The solution to the biggest problem in diamond investment

Even as the demand for diamonds increases, one thing is clear: the supply and production of diamonds remain flat, with supply predictions decreasing by 1-2% by 2030. Along with the increasing demand since the end of 2017 henceforth, the lowest the offer will see many seeking the best possible deal as the surplus begins to dry up.

Thanks to the rules of the economy, higher demand and lower supply tend to increase prices. However, there may be more factors at play here.

Solving the problem of liquidity

On the other side of the coin, it remains to be seen what the end of the holiday season will bring to diamond sales. Liquidity generally stabilizes to normal models after the fever of the gift ends, but this brings us back to the long-standing issue of the pink diamonds investment markets.

However, solutions to the liquidity problem are difficult to find due to the natural entry barrier that is the high price of diamonds investment. Sellers of loose diamonds only worry about the price, but buyers should consider not only being able to buy the diamond for the right price, but also determining how profitable it could be and who could buy it.

This means that the most common diamond buyers will be the jewelers who will use the precious stones to create their works of art. Then they make jewelry with the diamonds and sell the resulting products to their customers.

The problem lies in the fact that jewelers usually only buy diamonds when they need them to replenish the supply. There is very little secondary market involved in the asset class other than the sales of used jewelry and the lack of opportunities to sell a particular diamond without knowing the stakeholders in your area.

So, the question is: how do argyle diamond get more investors involved?

Natural polished diamonds represent a rare resource that combines stability, scarcity and acts as a means of transferring value. However, many would be frightened by the low liquidity always present.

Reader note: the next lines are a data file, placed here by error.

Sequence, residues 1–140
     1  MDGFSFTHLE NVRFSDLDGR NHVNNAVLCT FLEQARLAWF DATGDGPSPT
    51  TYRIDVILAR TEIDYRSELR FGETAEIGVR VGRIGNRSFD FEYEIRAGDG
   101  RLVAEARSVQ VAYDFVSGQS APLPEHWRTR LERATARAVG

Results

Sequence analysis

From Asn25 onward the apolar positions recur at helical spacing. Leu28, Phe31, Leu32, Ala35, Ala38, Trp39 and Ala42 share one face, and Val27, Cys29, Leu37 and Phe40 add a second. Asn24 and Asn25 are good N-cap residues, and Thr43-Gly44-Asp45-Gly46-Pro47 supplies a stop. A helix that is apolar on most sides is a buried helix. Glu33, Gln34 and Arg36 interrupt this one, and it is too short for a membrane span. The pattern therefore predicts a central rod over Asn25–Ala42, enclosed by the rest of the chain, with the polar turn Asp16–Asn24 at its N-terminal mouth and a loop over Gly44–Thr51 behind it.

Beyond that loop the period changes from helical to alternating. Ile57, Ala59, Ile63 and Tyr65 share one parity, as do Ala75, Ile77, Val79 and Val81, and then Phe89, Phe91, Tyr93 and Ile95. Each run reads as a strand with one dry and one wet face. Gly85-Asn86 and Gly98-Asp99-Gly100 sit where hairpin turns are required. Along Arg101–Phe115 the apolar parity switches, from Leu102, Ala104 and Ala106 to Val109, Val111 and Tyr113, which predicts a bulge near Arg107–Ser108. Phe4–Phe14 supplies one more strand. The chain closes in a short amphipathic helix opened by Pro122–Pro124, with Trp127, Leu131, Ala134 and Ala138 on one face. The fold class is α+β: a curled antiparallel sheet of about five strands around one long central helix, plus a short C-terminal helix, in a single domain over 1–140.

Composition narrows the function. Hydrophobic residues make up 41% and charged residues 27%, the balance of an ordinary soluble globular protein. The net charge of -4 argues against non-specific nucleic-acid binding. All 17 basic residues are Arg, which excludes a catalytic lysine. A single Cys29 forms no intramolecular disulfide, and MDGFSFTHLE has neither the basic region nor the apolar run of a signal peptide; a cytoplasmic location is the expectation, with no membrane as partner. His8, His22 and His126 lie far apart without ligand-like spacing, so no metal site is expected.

These three main problems make it difficult to solve the liquidity problem:

Diamonds, even with an appraisal, are very subjective to the prices of both parties. If both do not agree with the cost of the diamond, a sale cannot be made.

Diamonds have a high entry cost and ordinary investors typically build physical investments over time, rather than actively trading them.

Diamonds, like all physical assets, are difficult to move around the world. Security and local laws must be taken into account and may cause problems for investors.
Luckily, argyle diamond have found a solution.

Enter Coin, the cryptographic token backed by assets that represents 1/1000 of a carat of diamond.

With the currency, investors can not only place their funds in a stable and fungible currency, but they can also face one of the biggest obstacles to diamond investment. Since the coins are equivalent to the weight of a diamond instead of the subjective value, argyle diamond accelerate the ability to put a price on the diamond and eliminate the need for both parties to review the diamond in person.

By using the inherent liquidity within the cryptographic economy, the coins become a digital representation of a diamond, where users can easily use it to store their wealth, pay others and exchange physical diamonds from the reservation.

So, what is the best part?

While gold and silver can be traded in the commodity markets, pink diamonds are absent due to the requirement to check each and every diamond to pass. However, with the currency, investors and traders can now use the cryptographic markets in the same way they would with precious metals trading, knowing that each chip is backed by the weight of a diamond certified.

It's like going back to the gold standard on steroids. Imagine being able to pay someone in diamonds in the space of a few seconds, or earn and save a diamond you could have in your hands, or put a ring on the finger of someone you love. Imagine having a secure store of value that you can transfer anywhere in the world.

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